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Iowa's Chestnut Harvest Devastated After More Than A Year Of Pesky Weather

courtesy of Red Fern Farm
Chestnut trees at Red Fern Farm in May lacked the usual size and quantity of leaves.

It may be harvest season, but Iowa’s chestnut trees don’t have much to offer after spending 10 consecutive months in soil with too much moisture.

Rains began saturating soils in September 2018, an abrupt hard freeze in November locked in the moisture, spring brought repeated freeze-thaw cycles and then more rain.  

Tom Wahl of Red Fern Farm in Louisa County has about a thousand chestnut trees and usually they produce a lucrative crop on his diverse farm.  

“We have no chestnut harvest this year,” he said this week, when he would have been bringing it in. “Out of approximately 1,000 bearing trees, we had one single tree that had what looked like more or less a normal crop on it.” Another 15 or so had some nuts but most, he said, produced none.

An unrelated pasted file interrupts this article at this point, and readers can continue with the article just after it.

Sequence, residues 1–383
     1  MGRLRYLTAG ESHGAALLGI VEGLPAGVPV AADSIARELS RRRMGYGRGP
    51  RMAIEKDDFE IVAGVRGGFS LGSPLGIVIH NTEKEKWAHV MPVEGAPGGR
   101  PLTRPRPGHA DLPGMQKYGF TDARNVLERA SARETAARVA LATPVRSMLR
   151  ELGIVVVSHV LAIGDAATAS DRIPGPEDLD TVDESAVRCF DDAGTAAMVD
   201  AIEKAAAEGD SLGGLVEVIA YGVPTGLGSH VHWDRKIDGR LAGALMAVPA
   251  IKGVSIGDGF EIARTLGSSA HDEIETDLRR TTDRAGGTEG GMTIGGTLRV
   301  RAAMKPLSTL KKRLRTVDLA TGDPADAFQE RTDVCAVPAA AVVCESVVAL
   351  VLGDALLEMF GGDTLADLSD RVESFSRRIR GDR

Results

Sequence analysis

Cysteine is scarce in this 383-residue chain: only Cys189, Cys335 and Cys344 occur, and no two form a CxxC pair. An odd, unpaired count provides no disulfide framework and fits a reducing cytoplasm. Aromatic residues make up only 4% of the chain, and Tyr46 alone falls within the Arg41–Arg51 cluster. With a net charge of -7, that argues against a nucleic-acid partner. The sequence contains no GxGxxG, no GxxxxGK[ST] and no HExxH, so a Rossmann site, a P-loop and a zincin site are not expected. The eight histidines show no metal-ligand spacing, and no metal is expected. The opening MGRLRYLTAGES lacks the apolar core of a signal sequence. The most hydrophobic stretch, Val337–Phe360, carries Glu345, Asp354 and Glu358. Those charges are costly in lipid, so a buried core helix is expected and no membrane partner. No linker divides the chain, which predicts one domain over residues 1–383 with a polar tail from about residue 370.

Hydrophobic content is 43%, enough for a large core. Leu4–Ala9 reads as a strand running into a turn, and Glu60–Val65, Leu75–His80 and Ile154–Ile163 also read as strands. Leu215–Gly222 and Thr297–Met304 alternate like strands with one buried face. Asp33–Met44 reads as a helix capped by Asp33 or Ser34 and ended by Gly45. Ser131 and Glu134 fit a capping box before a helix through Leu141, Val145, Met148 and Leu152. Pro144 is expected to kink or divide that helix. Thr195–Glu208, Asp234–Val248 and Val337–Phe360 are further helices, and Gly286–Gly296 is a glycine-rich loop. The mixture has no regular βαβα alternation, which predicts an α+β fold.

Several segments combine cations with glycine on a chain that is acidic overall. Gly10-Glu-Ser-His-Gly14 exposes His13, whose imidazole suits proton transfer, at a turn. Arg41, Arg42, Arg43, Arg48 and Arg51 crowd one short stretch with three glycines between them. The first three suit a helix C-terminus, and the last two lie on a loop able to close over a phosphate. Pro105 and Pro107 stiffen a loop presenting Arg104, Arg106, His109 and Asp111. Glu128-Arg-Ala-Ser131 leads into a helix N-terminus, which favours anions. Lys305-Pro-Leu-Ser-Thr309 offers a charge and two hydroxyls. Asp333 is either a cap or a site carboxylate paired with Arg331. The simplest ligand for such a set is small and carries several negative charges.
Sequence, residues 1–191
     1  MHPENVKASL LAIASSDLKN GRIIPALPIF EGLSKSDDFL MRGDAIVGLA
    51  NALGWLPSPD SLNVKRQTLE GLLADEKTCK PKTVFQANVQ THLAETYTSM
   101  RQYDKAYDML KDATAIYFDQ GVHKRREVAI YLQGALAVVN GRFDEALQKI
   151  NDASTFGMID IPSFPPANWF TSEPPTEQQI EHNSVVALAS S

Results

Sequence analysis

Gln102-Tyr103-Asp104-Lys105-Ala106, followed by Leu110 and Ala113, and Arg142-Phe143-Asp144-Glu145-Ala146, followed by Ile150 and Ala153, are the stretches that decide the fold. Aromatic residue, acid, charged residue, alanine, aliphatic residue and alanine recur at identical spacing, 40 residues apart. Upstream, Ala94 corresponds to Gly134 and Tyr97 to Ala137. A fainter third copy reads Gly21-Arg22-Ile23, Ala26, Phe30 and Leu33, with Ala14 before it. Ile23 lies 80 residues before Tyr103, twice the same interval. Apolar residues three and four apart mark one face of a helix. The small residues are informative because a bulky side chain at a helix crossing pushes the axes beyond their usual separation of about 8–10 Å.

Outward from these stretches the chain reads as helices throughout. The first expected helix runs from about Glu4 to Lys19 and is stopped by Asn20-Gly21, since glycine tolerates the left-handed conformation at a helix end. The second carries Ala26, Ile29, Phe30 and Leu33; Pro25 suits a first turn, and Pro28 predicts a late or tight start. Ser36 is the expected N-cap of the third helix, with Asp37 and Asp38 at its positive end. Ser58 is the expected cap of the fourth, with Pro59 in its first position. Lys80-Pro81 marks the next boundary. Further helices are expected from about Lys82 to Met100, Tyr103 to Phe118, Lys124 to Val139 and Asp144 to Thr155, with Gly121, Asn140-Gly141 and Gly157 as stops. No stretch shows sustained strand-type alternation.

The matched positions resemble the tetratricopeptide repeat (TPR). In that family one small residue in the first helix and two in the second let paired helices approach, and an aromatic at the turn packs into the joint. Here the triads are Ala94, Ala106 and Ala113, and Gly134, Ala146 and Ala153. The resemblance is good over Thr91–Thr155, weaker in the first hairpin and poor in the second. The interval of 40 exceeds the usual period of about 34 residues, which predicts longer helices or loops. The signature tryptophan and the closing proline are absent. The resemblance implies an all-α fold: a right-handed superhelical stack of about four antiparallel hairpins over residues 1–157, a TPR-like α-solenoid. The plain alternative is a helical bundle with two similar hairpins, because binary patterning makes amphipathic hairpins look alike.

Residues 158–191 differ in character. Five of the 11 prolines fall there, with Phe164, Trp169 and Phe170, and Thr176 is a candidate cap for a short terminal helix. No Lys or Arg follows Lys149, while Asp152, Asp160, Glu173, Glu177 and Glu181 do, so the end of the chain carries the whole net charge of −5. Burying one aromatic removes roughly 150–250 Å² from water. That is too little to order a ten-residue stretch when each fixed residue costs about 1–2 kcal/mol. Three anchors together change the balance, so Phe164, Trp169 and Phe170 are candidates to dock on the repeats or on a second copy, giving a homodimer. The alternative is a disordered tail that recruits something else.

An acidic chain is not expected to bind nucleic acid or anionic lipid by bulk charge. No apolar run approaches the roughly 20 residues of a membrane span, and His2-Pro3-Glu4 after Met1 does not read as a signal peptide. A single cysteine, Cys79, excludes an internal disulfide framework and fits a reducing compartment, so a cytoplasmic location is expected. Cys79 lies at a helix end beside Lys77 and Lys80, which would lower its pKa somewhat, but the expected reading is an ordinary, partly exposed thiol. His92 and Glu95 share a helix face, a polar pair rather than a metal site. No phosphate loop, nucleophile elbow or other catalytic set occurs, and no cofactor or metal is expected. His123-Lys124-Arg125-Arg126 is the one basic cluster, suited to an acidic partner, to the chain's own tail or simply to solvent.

A few trees in the wettest soil died, but Wahl’s confident things will average out next year.

Credit courtesy of Red Fern Farm
This chestnut tree in July shows recovery from the excessive moisture, but doesn't have any nuts.

“Typically what chestnuts do when a weather event prevents them from producing a crop one year, they produce a double-crop the following year,” he said.

That won’t quite make his business whole, but will go a long way.

Patrick O’Malley of Iowa State Extension estimates a chestnut harvest statewide of less than one-third normal. While total chestnut production in Iowa is so small the U.S. Department of Agriculture doesn’t track it, at least a couple of Iowa farms have more chestnut trees than Red Fern.

O’Malley said there are few peach trees in the state and most of them produced no fruit this year, though many varieties of apples did okay.

Amy Mayer is a reporter based in Ames